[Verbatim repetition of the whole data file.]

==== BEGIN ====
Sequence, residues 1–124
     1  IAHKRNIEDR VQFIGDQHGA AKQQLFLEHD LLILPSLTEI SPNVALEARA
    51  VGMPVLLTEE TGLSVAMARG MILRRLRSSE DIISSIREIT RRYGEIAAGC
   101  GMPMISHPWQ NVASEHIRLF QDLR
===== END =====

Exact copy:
Sequence, residues 1–124
     1  IAHKRNIEDR VQFIGDQHGA AKQQLFLEHD LLILPSLTEI SPNVALEARA
    51  VGMPVLLTEE TGLSVAMARG MILRRLRSSE DIISSIREIT RRYGEIAAGC
   101  GMPMISHPWQ NVASEHIRLF QDLR